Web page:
Time for rigorous actions to cut emissions in half by 2030

The IPCC’s Sixth Assessment Report of Working Group III (AR6 WGIII) on ‘Mitigation of Climate Change’ presented a range of financially sound options for each country to reduce emissions in order to limit warming to 1.5 degrees Celsius.

Pointing out that between 2010-2019, global average annual greenhouse gas emissions were at their highest levels in human history, but growth has slowed, the WGIII report says: “Without an immediate and profound reduction in emissions across all sectors, limiting global warming to 1.5 degrees Celsius is out of the question. However, more and more people are getting it,” he said. evidence that climate action is bringing about change.”

Since 2010, the cost of solar and wind energy as well as batteries has dropped consistently by up to 85%. A growing number of policies and legislation have improved energy efficiency, reduced deforestation rates and accelerated the deployment of renewable energy, scientists say in this latest IPCC report.

“We are at a crossroads. The decisions we make now can ensure a livable future. We have the tools and know-how needed to limit warming.” IPCC Chairman Hoesung Lee said.

The brief for policymakers of the IPCC Working Group III report, “Climate Change 2022: Mitigating Climate Change”, was approved on Monday by 195 member governments of the IPCC, through a virtual approval session beginning on March 21.

“Having the right policies, infrastructure and technology to enable changes in our lifestyles and behaviors could lead to a 40-70% reduction in greenhouse gas emissions by 2050. This offers the potential. significantly untapped,” said IPCC Working Group III Co-Chair Priyadarshi Shukla.

“Evidence also shows that these lifestyle changes can improve our health and well-being.” Shukla said.

Reducing emissions in industry will involve more efficient use of materials, product reuse and recycling, and waste minimization. For basic materials, including steel, building materials and chemicals, low-to-zero greenhouse gas production processes are in the experimental to near commercial stage, IPCC scientists say. commercial.

This sector accounts for about a quarter of global emissions. Achieving net zero will be challenging and will require new production processes, electricity, hydrogen, hydrogen, low carbon capture and storage, and zero emissions at the required levels. Agriculture, forestry and other land use can help reduce emissions on a large scale, while removing and storing carbon dioxide on a large scale.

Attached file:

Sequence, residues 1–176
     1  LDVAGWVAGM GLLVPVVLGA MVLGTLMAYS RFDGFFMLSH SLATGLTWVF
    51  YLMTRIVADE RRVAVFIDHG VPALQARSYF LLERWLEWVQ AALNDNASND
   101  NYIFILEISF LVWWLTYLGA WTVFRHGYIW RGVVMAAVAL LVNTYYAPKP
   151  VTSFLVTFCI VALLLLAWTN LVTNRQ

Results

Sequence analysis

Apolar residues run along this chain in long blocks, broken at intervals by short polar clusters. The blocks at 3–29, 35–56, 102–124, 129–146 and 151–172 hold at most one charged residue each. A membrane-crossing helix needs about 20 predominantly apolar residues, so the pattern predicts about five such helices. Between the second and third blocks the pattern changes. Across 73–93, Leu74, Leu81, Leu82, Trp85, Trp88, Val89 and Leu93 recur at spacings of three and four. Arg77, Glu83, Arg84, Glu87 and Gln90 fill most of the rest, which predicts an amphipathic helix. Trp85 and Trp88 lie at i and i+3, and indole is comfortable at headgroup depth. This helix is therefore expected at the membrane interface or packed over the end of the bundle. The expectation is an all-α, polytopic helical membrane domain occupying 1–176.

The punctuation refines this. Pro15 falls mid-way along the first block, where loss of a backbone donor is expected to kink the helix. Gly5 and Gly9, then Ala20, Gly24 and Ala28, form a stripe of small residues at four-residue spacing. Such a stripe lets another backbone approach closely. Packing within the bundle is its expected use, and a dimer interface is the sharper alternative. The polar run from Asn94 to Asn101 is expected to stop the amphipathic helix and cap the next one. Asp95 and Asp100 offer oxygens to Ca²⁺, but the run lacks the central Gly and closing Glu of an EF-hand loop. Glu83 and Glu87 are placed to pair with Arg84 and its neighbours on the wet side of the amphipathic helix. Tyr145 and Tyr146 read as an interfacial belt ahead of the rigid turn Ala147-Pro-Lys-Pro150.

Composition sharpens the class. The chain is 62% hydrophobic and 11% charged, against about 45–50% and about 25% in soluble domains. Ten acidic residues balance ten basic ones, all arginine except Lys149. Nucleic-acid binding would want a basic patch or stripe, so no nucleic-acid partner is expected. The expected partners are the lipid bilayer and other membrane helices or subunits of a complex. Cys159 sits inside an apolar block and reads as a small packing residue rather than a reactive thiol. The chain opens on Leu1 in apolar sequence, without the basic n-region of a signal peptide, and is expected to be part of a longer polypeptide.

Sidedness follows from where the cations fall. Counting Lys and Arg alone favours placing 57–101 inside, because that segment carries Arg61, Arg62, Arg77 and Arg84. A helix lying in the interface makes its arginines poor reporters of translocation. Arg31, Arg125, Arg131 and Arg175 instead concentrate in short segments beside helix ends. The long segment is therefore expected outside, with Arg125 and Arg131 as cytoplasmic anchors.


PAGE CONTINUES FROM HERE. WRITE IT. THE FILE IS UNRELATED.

“There has been a proliferation of laws, policies and technologies to help cut emissions, and they are having an effect. This report provides a great deal of scope for looking at development pathways,” Navroz K Dubash, one of the lead authors coordinating one of the chapters of the report.

The development paths taken by countries at all stages of economic development impact greenhouse gas emissions and thus shape mitigation challenges and opportunities, which vary from country to country. and area.

“For the first time, the report covers how demand for services and the social aspects of mitigation can be used in a way that includes innovation, technology development and transfer, yet puts people into the center” Joyashree Roy, another lead author, said.

The assessment of future pathways in this report covers the short-term (until 2030), medium-term (until 2050) and long-term (until 2100), combining an assessment of commitments and Existing action with an assessment of emissions reductions and their impacts, with respect to long-term temperature outcomes through 2100.

Points out that to accelerate the low-carbon transition in the Global South, developed countries need to ensure greater financial flows and technology transfer in key areas such as renewable energy, electric vehicles , green hydrogen and other sectors, Arunabha Ghosh, Executive Director, Council on Energy, Environment and Water (CEEW), said: “The IPCC report is a stark reminder for all developed countries to dramatically accelerate their transition to a bogus economy.”

Source: IANS

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